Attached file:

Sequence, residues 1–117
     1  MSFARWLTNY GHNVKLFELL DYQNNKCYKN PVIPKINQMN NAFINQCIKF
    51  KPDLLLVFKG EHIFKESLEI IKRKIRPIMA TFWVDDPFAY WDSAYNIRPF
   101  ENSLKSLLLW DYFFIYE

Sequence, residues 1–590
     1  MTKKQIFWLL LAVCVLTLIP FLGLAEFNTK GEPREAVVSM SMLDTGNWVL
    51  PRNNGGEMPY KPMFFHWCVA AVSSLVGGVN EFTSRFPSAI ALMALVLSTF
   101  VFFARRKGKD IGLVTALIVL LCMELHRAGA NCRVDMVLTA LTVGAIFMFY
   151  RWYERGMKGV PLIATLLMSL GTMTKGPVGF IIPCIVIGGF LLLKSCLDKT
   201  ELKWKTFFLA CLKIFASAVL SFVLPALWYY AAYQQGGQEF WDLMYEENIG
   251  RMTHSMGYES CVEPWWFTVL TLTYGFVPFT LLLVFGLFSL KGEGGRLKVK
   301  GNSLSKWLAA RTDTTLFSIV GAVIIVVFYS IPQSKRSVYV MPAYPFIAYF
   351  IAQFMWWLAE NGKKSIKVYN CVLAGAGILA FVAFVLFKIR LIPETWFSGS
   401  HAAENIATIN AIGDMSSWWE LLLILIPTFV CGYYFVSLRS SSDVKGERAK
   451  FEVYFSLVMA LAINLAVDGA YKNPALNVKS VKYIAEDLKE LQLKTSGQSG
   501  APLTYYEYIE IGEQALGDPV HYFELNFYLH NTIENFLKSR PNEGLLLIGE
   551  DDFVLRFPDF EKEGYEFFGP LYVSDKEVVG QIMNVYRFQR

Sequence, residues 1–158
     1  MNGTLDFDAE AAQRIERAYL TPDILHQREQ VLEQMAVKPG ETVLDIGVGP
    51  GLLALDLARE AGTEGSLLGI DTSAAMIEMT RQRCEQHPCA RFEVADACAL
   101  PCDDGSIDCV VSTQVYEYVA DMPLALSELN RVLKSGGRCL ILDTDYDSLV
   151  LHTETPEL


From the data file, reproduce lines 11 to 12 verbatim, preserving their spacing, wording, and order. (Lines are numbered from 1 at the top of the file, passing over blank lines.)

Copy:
   251  RMTHSMGYES CVEPWWFTVL TLTYGFVPFT LLLVFGLFSL KGEGGRLKVK
   301  GNSLSKWLAA RTDTTLFSIV GAVIIVVFYS IPQSKRSVYV MPAYPFIAYF